The world desperately needs a tough and well-enforced arms trade treaty to stop the present flow of weaponry to serious abusers of human rights.
By Brian Wood, June 2006, Le Monde Diplomatique, France,
The world’s governments meet in New York at the end of this month to discuss how to enhance the United Nations programme of action on small arms and light weapons. So far the programme has not considered respect for human rights, although the UN charter refers to this duty; the programme also leaves crucial aspects of arms control, such as rules for international transfers, almost untouched. The conference will be confrontational for those who want better global security.
Approaches to the global small arms problem first emerged after terrible conflicts in Africa and the Balkans in the 1990s, including genocide in Rwanda. A growing global campaign demands tough control and will not disappear (especially now that it has some government support). But an alliance of the United States, China, Russia and some non-aligned states threatens to block any significant conference moves to tighten controls.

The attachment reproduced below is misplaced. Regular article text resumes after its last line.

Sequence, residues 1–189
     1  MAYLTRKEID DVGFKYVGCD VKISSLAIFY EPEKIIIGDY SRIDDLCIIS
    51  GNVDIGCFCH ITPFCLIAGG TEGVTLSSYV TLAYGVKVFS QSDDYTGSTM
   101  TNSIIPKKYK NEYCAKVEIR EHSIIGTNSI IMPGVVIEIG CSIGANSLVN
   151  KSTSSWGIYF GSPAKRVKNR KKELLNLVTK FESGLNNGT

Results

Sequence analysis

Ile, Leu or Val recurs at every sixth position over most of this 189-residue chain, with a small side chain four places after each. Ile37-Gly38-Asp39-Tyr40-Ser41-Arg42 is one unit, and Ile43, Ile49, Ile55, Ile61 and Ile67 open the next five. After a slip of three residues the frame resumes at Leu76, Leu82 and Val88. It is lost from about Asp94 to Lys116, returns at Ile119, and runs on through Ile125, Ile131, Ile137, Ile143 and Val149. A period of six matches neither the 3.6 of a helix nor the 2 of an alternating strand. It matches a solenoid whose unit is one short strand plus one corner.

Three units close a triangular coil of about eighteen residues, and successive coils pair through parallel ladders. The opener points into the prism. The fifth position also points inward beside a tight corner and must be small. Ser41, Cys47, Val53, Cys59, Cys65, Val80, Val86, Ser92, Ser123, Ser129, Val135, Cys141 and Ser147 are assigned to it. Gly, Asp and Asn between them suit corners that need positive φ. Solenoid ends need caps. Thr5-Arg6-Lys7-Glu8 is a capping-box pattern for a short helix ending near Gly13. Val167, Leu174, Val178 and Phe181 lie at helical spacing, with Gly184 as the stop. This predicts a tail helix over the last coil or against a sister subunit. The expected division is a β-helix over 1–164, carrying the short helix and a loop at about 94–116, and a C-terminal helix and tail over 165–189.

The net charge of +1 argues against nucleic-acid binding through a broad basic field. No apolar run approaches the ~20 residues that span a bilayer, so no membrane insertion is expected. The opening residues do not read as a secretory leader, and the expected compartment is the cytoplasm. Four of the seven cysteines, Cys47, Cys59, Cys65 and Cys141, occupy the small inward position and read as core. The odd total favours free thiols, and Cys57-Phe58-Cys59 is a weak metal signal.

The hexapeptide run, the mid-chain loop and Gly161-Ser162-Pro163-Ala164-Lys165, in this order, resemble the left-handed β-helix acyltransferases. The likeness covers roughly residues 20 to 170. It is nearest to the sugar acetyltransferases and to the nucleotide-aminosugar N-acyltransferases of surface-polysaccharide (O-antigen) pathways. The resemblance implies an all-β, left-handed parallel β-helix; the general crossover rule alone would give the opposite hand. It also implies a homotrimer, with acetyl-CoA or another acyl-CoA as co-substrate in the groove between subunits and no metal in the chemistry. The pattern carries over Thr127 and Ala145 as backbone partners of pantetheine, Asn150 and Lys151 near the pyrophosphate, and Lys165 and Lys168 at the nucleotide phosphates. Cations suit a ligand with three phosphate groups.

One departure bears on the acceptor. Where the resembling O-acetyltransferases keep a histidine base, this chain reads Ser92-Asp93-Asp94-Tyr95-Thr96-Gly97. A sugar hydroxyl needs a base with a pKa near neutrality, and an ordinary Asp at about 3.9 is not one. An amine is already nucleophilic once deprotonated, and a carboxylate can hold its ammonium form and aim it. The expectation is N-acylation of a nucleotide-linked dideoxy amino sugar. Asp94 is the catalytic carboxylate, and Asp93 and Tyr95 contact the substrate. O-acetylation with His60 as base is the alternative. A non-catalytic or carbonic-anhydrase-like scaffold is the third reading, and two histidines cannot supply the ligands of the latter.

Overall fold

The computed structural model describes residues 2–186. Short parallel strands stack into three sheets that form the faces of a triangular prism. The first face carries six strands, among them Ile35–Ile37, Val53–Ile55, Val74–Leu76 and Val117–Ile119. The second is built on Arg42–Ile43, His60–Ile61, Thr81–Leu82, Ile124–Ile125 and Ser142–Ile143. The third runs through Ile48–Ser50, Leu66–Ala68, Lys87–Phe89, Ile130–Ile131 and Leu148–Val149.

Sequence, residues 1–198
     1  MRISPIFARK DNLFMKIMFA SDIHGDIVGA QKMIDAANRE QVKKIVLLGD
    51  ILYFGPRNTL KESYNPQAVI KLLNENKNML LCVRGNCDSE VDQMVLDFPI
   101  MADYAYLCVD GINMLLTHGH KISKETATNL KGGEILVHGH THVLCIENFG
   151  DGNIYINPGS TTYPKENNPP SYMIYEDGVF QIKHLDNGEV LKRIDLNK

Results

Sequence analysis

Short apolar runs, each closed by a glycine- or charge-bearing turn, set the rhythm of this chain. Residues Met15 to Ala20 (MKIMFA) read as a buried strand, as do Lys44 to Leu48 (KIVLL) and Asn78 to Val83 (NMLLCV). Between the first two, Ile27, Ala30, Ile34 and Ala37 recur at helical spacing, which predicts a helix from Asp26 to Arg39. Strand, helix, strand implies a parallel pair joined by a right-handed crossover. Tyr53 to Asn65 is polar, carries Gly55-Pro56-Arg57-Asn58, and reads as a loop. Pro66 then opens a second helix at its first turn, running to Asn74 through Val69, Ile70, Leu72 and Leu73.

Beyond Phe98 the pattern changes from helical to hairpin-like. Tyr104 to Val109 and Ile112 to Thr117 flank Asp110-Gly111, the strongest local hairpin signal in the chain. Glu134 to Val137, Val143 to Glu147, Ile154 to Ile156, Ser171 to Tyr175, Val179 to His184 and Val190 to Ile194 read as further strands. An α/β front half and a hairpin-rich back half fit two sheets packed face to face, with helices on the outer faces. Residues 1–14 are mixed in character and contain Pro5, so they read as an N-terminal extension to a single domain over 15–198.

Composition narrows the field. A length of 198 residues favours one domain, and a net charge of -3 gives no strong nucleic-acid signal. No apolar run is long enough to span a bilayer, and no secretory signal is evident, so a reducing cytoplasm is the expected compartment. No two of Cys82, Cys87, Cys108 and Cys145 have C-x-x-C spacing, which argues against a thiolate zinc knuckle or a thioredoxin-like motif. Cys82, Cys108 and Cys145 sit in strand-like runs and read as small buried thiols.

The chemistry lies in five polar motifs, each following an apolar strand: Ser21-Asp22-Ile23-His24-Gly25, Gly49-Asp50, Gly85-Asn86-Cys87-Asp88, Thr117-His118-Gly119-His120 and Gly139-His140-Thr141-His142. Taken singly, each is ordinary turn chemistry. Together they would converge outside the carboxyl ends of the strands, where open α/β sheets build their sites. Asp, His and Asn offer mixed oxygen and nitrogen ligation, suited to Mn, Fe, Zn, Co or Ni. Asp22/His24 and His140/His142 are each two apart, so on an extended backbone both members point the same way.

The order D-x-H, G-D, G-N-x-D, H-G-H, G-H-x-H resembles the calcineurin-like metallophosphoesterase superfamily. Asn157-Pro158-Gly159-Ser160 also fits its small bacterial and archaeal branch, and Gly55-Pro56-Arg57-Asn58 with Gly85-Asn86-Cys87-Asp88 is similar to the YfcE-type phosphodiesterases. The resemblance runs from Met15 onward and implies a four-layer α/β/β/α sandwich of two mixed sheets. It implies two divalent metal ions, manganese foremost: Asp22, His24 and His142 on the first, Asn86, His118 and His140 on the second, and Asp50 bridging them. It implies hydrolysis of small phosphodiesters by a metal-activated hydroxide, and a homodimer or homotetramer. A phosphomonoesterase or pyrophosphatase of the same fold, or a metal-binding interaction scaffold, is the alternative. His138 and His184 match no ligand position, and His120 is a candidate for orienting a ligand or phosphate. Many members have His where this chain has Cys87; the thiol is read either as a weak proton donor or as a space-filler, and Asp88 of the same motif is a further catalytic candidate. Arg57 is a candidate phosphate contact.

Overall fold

The trade in small arms and light weapons is only a fraction of that in conventional military equipment, but is just as lethal. Secrecy and lack of accountability mean that accurate, up-to-date statistics on the global arms trade are hard to obtain and must be treated with caution. However, one set of data, based on estimates of military articles and services traded by value, claims that 35 countries are responsible for 90% of the world’s arms exports, and that, during the period 1997-2005, developing countries’ share of such imports increased to 68.5%.